Talks on a public service pay agreement have adjourned for the night but will resume at 2.30pm in the afternoon.

It is understood that after 12 hours of negotiations, the management side needed to do "number-crunching" which would take some time.

Sources said there had been "a fair bit of process" on non-pay issues but confirmed that the difficult topics of outsourcing, unpaid working hours and staff recruitment and retention difficulties remain unresolved.

The parties are believed to be considering a process within the new pay agreement to consider recruitment and retention, possibly with the involvement of the Public Service Pay Commission - though nothing has been agreed.

The Government has still not tabled specific figures for potential pay rises or increases in pension contributions for some government employees.

The Government has tabled demands for some public servants to pay higher contributions for their pensions as part of a new three-tier structure.

It is understood management negotiators want those on "fast accrual" pensions - including gardaí, prison officers, the defence forces, judges and some politicians - to convert all of the current pension levy into a higher overall employee contribution, instead of abolishing it.

Unions representing gardaí, prison officers and others have already indicated that they will strenuously resist such plans.

Lower pension contribution rates would apply to those in the other two pension categories: those recruited prior to 2013, and those hired after 2013, whose pension benefits are less generous.

However, the thresholds for such contributions have not yet been specified.

INMO calls for additional funds for public service pay

Additional exchequer funding will have to be found to address the recruitment and retention difficulties in the public service, according to the Irish Nurses and midwives Organisation. 

Speaking as he arrived for today's talks, INMO General Secretary Liam Doran rejected suggestions that special pay awards for nurses and other groups facing staff shortages would mean less pay restoration for other government employees. 

He said the Government would have to respond to the labour market reality of staff shortages with additional funding - as they could not have a public service without public servants.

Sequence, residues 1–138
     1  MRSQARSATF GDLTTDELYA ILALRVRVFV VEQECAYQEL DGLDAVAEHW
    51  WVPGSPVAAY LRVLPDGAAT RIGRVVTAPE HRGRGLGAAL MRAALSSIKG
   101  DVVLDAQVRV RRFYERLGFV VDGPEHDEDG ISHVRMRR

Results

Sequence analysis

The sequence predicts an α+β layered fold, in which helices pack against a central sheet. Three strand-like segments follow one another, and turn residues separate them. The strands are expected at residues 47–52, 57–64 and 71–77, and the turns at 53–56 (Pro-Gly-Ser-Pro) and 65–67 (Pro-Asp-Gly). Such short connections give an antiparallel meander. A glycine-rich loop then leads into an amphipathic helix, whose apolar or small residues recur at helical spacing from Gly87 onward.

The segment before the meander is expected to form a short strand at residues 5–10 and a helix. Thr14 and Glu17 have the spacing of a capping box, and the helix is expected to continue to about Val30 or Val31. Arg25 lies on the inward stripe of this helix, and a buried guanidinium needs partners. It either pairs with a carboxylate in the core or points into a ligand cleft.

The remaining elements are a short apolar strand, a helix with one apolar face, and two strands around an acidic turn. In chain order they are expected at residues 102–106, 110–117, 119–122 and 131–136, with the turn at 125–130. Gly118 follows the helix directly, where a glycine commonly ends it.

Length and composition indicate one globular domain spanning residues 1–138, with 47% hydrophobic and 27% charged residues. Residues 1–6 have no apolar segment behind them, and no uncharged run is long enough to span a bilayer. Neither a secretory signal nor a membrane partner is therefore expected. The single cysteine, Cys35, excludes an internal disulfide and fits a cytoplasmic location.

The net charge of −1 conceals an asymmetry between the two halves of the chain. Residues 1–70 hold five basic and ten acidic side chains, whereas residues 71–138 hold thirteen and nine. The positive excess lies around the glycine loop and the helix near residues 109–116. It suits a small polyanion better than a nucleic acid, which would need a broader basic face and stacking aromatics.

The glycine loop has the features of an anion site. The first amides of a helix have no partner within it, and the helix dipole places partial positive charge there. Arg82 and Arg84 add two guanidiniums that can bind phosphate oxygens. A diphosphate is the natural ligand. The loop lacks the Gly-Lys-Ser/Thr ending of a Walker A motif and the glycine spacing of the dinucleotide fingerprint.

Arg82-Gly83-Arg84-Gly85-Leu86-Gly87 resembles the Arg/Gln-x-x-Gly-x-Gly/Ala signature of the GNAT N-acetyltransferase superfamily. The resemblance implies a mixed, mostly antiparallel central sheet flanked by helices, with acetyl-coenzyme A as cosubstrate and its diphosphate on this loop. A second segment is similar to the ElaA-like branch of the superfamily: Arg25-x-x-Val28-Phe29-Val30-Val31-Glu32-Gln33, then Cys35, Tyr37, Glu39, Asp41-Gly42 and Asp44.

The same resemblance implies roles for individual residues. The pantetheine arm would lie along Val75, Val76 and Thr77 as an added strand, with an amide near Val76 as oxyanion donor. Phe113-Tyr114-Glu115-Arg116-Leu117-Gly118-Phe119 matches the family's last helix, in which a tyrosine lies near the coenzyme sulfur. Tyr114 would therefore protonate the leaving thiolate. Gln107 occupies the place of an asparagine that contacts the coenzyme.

Mr Doran said the Government would have to use a "wider lens" and more imagination to reflect the labour market difficulties.

He believed a new pay deal can be done, but warned there was still a significant gap between the two sides on issues including pay restoration, pensions, recruitment and retention, and the Government's "wish-list" on productivity.

Mr Doran said recruitment and retention were not just an INMO issue, and the Government should be coming to unions with measures to address the problem. 

IMPACT spokesperson Bernard Harbor said unions would have to see what money was available for any deal before he could assess the likelihood of securing a pay deal in the next 48 hours. 

He said they would need to see figures - and that would need to happen by tomorrow if they were going to do a deal.

He said the talks were scheduled for today and tomorrow, but added that if the process runs into Thursday that would be a positive sign.

He said everyone wanted to see things moving quicker than they have done over the last two weeks, and said the ambition was to do it today or tomorrow.

The President of the Association of Garda Sergeants and Inspectors Antoinette Cunningham warned that gardaí would absolutely resist any attempt by the Government to make them pay more for their "fast accrual" pensions, under which they can retire on full pensions without serving the standard 40 years.

The General Secretary of the Association of Higher Civil and Public Servants, which represents senior administrative grades also argued for pay rises, saying salary was an issue in recruiting senior managers for the public service. 

Ciaran Rohan said his members would be very unhappy if higher paid grades were left behind, and everyone would have to get something out of the process.

Meanwhile, SIPTU warned that management could forget about what it called its "unrealistic" productivity demands if pay increases were "back-loaded" towards the end of any new pay agreement.

In a bulletin to members, the SIPTU Health Division said all sides had agreed that the talks and entered the endgame, and that the next 48 hours would be crucial, with pay and pensions centre stage.